Is that 9-speed 105? Should last a long time .... maybe shoot some WD-40 into the brifter bodies to clear out any old gunk, grimy stale pasty lube, etc. Wear on the drivetrain looks light, based on the photos ... but I am no expert. And of course, assuming the photos are the actual bike you bought.

According to the always-correct Interwebz, "Scattante is made in the same factory as Fuji, Felt, Scott and the BD bikes." As I understand it, the brand was Performance Bike's house brand---they had frames made to some generic (not in a pejorative sense) spec and hung on whatever parts they could buy in bulk at good prices (similarly they often used to sell "Performance exclusive" versions of Fujis and such---again, when they could buy a certain bunch of parts for cheap, I think.)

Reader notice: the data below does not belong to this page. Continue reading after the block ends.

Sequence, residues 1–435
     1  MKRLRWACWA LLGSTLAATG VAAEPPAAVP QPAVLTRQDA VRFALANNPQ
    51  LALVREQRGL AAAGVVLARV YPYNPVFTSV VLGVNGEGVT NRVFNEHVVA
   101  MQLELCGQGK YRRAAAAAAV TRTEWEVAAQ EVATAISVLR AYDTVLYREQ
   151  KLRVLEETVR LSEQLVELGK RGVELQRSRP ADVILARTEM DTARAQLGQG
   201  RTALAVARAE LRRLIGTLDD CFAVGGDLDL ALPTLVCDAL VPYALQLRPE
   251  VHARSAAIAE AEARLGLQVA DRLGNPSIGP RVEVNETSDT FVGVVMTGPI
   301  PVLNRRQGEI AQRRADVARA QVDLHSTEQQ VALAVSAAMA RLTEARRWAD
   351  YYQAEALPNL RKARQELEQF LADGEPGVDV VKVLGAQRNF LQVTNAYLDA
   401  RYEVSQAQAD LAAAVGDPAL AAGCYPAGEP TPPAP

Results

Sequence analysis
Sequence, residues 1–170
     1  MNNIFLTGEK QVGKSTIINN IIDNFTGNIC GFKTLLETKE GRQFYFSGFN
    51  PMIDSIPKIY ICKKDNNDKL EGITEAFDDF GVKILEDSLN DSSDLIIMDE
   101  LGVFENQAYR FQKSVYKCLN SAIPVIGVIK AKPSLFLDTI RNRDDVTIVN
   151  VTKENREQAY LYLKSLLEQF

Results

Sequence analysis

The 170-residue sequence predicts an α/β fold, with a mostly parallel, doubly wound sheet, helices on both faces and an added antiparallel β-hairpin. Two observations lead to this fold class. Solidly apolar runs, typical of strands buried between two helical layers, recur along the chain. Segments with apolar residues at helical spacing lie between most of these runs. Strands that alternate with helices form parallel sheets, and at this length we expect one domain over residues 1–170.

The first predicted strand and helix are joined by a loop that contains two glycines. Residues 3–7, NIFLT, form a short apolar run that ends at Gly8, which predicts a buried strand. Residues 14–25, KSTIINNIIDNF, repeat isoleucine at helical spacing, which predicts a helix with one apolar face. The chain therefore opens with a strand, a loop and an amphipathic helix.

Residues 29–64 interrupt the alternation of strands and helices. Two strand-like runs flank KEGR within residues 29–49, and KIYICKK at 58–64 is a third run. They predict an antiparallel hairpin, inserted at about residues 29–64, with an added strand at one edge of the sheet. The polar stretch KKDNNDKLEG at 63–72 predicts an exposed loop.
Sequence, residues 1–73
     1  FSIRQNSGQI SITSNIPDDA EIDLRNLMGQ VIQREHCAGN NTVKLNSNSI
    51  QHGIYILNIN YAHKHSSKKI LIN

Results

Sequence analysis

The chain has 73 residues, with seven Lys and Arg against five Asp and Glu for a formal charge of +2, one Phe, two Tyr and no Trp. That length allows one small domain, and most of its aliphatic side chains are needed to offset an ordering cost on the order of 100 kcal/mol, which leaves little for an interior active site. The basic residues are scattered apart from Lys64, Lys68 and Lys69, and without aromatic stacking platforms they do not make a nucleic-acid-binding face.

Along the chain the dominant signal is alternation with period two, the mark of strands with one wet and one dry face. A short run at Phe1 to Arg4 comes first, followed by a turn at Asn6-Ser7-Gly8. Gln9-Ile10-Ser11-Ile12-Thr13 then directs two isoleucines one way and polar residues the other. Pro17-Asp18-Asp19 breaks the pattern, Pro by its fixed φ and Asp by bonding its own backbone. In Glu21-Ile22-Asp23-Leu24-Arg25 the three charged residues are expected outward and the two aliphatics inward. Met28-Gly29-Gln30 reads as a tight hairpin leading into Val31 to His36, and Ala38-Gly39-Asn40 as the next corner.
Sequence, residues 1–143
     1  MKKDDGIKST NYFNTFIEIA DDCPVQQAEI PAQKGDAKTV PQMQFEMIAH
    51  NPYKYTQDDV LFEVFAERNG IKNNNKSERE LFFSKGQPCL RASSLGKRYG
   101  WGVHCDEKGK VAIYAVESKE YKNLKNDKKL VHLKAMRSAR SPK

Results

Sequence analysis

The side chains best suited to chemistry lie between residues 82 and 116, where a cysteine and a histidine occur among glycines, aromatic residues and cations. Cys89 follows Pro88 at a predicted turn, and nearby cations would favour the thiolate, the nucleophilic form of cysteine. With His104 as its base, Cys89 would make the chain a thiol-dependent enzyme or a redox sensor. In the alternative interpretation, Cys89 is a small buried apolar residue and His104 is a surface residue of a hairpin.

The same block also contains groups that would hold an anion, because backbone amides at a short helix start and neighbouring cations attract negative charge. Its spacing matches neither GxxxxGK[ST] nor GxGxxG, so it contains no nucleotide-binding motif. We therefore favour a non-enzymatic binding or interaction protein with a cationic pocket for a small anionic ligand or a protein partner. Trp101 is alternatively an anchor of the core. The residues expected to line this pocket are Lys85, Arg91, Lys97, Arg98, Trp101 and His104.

If your bike comes with an Easton stem and bar---well, they didn't cheap out much there, I'd say. FSA chainring works fine for me on my Fuji, and 105 is 105.

For $130 i would call it a major score.
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Old 08-30-22, 07:44 AM
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Depends, of course, on how much usage it saw and how well it was maintained.. I tried to help a friend sell his 2002 Alp d'Huez. He is the second owner, but hardly used it after he bought it. If my wife didn't like her road bike so much I'd have bought it (small frame). The only thing I'd have replaced was tires. He put new brake pads on to sell it. So the only thing not like new is tires. So, like so many things--it depends. If I was to sell either of my bikes ('06 and '98) nothing would need replaced. Some bikes are rough, some are diamonds in the rough.